The rise of voice search hasn’t taken place in a vacuum — it’s intertwined with a major paradigm shift in consumer search behaviour as a whole. Advances in AI have made search engines “smarter,” enabling them to process more complex natural language queries, and to provide answers to these questions with a higher degree of specificity.
As a result, people are being trained to expect a direct answer to any question they ask, and that’s true whether they’re searching by text or by voice. Text-based queries look increasingly like conversational, voice-based queries, and consumers are going to continue searching both ways.
As search engines provide more and more direct answers, in the form of rich results at the top of the search engine results page (SERP), it’s no surprise that people are often finding the information they want directly on the SERP. But there’s good news around this shift. The essentials of how to optimize for voice search have never been more closely related to best practices for winning in search, period. And both depend heavily on building your brand knowledge graph.
How does your brand knowledge graph help you win in voice search?
Google, Amazon, et. al. haven’t issued a guide to exactly how their voice assistants determine a preferred answer, but there are a few things we do know. At present, the primary strategy for winning a share of voice search is 1. ranking in featured snippets and 2. being able to answer multi-dimensional queries in general.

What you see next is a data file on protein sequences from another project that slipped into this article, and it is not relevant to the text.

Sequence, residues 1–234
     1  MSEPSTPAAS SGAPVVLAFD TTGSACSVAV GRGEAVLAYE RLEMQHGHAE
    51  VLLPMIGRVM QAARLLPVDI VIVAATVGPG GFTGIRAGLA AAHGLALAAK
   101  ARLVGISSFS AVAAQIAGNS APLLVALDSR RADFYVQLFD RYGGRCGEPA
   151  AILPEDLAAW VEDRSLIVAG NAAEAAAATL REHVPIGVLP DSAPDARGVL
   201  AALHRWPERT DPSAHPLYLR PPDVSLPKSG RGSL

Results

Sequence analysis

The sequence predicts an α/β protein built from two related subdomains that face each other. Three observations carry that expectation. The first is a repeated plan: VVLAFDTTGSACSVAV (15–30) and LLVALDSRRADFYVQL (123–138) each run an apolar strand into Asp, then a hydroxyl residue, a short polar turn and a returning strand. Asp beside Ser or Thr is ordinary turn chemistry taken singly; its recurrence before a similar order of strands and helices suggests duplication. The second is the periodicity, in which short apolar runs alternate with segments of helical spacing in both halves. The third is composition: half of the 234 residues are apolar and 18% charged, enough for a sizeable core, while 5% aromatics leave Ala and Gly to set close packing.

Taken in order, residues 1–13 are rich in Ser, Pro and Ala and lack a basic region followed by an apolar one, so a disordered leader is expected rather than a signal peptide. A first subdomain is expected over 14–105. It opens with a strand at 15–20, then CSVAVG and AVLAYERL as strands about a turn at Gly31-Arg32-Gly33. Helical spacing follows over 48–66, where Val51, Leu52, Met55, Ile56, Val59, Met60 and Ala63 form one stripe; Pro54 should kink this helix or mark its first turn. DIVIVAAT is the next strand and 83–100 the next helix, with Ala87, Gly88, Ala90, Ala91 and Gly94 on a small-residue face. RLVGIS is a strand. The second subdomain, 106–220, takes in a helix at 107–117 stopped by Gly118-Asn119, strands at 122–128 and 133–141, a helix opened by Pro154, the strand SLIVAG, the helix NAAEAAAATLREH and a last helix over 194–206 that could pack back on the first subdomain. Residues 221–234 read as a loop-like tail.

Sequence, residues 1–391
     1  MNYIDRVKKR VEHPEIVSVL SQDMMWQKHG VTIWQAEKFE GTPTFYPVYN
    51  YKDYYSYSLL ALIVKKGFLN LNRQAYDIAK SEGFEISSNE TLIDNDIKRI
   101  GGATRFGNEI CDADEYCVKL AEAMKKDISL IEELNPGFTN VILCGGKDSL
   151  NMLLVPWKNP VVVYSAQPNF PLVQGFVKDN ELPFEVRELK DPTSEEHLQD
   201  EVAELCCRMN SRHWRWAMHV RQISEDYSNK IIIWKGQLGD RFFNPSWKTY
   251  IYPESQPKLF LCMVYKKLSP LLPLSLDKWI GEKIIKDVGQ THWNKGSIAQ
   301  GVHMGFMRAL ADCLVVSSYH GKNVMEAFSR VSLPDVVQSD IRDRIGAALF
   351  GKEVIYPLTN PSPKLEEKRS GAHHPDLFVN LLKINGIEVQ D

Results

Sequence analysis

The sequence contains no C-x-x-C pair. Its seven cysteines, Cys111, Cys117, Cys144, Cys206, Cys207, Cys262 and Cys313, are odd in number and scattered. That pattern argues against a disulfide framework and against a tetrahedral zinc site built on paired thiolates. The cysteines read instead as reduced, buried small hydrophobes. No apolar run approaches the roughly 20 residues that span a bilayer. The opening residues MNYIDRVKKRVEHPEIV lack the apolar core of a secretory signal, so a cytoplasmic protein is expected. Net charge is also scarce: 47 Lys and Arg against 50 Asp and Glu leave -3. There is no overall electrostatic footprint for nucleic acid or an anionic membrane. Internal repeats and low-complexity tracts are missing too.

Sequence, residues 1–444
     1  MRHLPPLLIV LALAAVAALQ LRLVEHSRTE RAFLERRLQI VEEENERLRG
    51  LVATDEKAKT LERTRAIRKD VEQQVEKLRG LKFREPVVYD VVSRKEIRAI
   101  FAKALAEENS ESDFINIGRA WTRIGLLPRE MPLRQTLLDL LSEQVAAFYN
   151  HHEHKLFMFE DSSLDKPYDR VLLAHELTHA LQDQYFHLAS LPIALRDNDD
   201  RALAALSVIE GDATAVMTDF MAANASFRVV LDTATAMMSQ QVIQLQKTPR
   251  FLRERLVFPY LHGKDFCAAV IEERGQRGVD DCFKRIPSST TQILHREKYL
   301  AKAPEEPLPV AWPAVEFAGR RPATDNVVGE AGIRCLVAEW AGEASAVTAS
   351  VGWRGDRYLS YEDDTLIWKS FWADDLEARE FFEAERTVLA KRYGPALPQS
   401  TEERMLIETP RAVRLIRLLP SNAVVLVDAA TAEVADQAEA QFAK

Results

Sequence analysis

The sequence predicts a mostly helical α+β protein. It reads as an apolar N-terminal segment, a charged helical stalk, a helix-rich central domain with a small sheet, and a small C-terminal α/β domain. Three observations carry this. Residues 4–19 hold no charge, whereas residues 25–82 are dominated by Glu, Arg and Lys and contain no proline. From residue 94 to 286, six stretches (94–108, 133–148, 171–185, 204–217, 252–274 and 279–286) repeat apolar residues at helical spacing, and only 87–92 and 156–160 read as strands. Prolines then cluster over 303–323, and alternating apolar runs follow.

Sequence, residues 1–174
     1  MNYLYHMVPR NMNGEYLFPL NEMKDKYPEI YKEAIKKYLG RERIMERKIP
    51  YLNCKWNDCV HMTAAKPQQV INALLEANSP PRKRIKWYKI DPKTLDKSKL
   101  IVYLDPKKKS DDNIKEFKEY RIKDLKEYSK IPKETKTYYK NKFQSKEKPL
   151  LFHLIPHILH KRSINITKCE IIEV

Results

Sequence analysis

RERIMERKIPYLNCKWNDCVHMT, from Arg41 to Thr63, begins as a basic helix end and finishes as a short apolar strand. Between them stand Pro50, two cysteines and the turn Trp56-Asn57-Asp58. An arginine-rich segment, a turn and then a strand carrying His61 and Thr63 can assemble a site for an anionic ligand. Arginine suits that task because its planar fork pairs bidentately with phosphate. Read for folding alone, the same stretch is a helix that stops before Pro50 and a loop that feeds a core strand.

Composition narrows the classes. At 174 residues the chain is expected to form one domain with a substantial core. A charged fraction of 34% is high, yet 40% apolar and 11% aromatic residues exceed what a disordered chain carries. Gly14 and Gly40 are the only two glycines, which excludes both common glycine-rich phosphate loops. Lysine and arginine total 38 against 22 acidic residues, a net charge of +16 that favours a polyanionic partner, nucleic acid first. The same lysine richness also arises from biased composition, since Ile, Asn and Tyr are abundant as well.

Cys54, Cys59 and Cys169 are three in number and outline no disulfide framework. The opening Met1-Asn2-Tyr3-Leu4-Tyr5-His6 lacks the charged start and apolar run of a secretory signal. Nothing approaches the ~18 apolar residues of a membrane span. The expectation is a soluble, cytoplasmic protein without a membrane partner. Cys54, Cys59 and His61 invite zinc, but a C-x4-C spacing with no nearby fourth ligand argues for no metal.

Building a brand knowledge graph is what allows you to do this. A brand knowledge graph is invaluable when it comes to “speaking the language” of search engines. Because search engines use a knowledge graph with bi-directional, flexible relationships, your brand needs to structure and store its data in the same way. Search engine knowledge graphs can then draw on the personal knowledge graph that you maintain — allowing you to manage your information at scale and deliver the answers customers want via third-party voice-based search experiences.
You can find all of our advice on ranking for featured snippets, in particular, here. But whether or not a search engine showcases a featured snippet for the type of natural language query your customer is making via voice, you need to be able to answer that question. This means you must think about the types of questions your customers would be most likely to ask via voice, and then ensure that you have structured the information on your website so that it’s interrelated and marked up in such a way that it’s intelligible to a voice assistant as the answer.
For example, if your customer performs a voice search for “Italian restaurants near me that are open now,” the answer depends on diverse information: type of cuisine (Italian), near me (address), and hours (of that individual restaurant). With a knowledge graph, you can define the relationships between all these entities so that an AI-powered voice assistant can answer this question accurately — by recommending your restaurant. As a result, your organisation increases its chances of being the answer for that high-intent voice query.
Learn how your business can build its own knowledge graph with Yext.